A correspondent writes to ask 'Why is it that we 'play' at a recital, and 'recite' in a play?' This is one of those nice juxtapositions which makes me love English so much. It seems perverse until you look carefully at the history of the two words, and then you find it isn't as crazy as it seems.
Play is one of the oldest verbs in the language. It turns up in Old English in several senses, including the musical sense of playing an instrument and the dramatic sense of a theatrical performance, and these usages have developed in parallel ever since. Nothing special to note here.
Recite is the interesting one. It's found in English from the 1430s, and originally was restricted to written or spoken language activity. Someone was said to recite poems, words, speeches, and suchlike. And the result of this action was a recital - though people have never felt entirely comfortable with this noun. Several other nouns have been used for the action of reciting, such as a recite, a reciting, a recitation, and a recitement. Nouns for the person doing the reciting have varied too: the OED has examples of recitant, reciter, recitationist, and recitator. And even the verb produced a variant: to recitate, with examples of usage still occasionally found today.
But towards the end of the 15th century we see a natural development in the direction of music, when the verb is used to describe the chanting or intoning of a religious text, such as a psalm. The first recorded usage, in Caxton's Mirror of the World (1481), illustrates a new contrast between 'saying' and 'reciting': 'The Orysons that ben sayd and recyted euery day in the chirches.' This is the link to the modern musical sense of recital, though it took some time to emerge - not until the mid 18th century, in fact, when we encounter the word referring to a performance of a single piece of music, or a selection from a single composer, by a soloist or small group of musicians. Other terms developed too, notably recitative (first recorded usage, 1654) for a style of musical declamation intermediate between singing and speech, as heard in the narrative sections of an opera or oratorio.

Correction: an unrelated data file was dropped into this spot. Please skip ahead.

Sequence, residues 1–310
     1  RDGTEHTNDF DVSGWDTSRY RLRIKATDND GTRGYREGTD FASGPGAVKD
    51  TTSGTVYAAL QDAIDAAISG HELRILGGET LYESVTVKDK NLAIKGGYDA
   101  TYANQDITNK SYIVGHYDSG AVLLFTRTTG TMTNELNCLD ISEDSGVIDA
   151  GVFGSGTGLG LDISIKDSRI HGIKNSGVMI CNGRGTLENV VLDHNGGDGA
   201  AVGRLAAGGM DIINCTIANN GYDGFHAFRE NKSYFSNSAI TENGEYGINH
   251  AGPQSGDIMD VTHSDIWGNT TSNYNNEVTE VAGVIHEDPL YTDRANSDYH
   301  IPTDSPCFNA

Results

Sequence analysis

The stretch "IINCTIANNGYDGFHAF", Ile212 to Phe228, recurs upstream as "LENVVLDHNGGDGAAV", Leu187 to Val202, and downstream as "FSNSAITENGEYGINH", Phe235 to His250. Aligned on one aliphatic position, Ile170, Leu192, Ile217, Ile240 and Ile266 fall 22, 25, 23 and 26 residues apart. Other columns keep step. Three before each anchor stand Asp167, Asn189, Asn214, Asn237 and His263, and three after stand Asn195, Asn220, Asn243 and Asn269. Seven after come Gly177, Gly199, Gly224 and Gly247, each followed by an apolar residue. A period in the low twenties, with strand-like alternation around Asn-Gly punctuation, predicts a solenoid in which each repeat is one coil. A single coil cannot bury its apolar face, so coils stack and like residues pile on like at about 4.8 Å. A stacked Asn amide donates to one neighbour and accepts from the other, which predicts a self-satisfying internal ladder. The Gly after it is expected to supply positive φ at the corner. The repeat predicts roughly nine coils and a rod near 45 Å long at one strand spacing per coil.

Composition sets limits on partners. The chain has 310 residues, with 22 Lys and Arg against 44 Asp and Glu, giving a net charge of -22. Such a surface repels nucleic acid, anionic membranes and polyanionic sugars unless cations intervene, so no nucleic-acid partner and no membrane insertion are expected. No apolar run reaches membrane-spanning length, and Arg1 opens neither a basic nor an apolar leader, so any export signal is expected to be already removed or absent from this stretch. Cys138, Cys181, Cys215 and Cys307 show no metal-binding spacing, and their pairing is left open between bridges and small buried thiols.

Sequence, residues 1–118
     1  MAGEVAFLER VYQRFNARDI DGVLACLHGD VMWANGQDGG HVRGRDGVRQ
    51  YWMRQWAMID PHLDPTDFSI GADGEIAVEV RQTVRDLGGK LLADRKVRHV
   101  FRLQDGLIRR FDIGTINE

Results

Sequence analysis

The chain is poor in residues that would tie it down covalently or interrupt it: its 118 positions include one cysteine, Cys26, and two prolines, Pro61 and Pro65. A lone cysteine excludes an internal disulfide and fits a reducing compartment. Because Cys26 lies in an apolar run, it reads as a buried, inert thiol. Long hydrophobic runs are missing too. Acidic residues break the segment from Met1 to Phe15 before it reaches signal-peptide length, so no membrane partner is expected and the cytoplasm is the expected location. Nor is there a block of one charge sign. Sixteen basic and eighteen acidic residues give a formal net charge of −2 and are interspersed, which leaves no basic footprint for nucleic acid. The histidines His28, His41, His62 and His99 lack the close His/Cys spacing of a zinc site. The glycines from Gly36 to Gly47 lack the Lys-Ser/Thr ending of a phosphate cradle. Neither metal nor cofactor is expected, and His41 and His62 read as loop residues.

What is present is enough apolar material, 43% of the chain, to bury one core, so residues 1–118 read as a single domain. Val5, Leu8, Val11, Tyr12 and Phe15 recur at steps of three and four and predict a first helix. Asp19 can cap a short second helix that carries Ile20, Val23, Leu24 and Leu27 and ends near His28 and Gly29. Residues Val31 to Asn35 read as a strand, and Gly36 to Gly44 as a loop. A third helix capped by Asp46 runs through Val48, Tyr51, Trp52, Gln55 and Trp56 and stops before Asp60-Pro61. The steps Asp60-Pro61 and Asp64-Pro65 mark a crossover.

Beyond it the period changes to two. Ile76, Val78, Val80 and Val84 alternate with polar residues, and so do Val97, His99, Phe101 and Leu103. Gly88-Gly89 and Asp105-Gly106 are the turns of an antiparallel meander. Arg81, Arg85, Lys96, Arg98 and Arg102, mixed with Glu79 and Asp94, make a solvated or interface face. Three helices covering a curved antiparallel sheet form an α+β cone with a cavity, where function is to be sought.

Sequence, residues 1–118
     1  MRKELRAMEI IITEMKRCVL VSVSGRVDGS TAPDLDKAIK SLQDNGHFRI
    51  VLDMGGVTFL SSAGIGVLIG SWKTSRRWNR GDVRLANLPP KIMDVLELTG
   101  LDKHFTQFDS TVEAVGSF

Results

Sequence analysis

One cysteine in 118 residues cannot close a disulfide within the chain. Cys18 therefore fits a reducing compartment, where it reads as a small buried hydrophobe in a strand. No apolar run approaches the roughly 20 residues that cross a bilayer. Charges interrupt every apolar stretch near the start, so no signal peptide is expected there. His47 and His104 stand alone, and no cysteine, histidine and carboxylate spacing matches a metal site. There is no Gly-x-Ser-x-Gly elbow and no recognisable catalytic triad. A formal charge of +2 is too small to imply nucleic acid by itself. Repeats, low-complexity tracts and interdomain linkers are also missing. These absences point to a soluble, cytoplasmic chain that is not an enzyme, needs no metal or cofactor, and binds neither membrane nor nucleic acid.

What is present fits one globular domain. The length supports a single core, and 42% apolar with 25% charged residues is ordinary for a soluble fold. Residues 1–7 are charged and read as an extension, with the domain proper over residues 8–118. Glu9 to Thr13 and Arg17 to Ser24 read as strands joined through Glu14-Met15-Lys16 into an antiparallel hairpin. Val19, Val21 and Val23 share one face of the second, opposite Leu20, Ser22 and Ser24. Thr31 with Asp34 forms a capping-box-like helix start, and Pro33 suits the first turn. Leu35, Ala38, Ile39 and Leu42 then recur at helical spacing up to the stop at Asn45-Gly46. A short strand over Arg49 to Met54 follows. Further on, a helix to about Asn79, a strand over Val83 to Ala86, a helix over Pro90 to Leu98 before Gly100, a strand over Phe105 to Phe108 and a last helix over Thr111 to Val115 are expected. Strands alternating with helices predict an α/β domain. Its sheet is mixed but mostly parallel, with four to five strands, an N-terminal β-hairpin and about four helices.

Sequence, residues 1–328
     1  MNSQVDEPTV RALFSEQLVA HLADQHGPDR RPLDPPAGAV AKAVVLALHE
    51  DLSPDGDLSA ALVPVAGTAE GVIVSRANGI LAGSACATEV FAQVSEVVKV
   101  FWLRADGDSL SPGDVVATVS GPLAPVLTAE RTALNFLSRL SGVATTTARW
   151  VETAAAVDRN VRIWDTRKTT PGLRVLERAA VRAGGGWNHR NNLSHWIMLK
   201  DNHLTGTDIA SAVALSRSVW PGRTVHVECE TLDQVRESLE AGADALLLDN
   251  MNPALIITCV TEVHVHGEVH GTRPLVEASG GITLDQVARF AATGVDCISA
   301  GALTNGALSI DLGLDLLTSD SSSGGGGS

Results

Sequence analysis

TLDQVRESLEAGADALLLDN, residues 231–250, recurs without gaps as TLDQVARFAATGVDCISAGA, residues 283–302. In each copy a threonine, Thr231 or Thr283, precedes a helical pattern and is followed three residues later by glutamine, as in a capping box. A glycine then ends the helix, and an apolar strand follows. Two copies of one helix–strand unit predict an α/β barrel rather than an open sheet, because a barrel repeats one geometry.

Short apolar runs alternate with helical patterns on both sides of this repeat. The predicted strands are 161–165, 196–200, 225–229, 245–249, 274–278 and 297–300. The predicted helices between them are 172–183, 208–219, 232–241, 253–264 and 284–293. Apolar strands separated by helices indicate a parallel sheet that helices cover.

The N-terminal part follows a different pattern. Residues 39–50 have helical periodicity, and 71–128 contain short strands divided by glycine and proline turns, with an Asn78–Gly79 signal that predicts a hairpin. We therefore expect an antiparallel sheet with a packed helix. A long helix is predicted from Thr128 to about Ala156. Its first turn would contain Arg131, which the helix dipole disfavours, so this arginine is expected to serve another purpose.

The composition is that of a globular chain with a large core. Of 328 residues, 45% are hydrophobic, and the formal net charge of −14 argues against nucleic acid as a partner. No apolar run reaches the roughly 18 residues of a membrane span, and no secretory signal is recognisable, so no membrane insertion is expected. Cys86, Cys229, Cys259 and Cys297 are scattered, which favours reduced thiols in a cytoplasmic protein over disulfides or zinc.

As a result of this, recital is now ambiguous. 'I'm going to a recital' could be either poetry or music. At the end of the 19th century, there was an apparent attempt to keep the two senses apart. We encounter 'recitalist' for someone who gives a recital of music or dance, with reciter continuing to be used for speech. The distinction never caught on, though such usages as 'concert recitalist' are attested into the present century. However, what makes this development especially interesting is that the musical sense developed only in the noun. The verb sense stayed with speech. Musicians don't recite; only poets (etc) do.
I personally can't use recite for what actors do in plays — not do I see any examples in the OED quotations. For me the word is deliver (or speak, of course).ReplyDelete
A glance at the score of an Italian opera or oratorio will include the designation "recitativo." Did we gain this usage from the continent?
It depends on whether the passage from the play is being treated as an extract to be specially performed. Certainly I've found no shortage of examples online of people using recite in that way, e.g. Hamlet reciting a speech for the players. But no, agreed, I wouldn't use it as a general term for what actors do.ReplyDelete
Marc: the OED has three entries for recitativo - accompagnato, secco. and stromentato, all from Italian with first citations from the 19th century.ReplyDelete
I'm reminded of something a Canadian friend said: 'We park on he driveway, and drive on the parkway'. All part of Life's rich pattern!ReplyDelete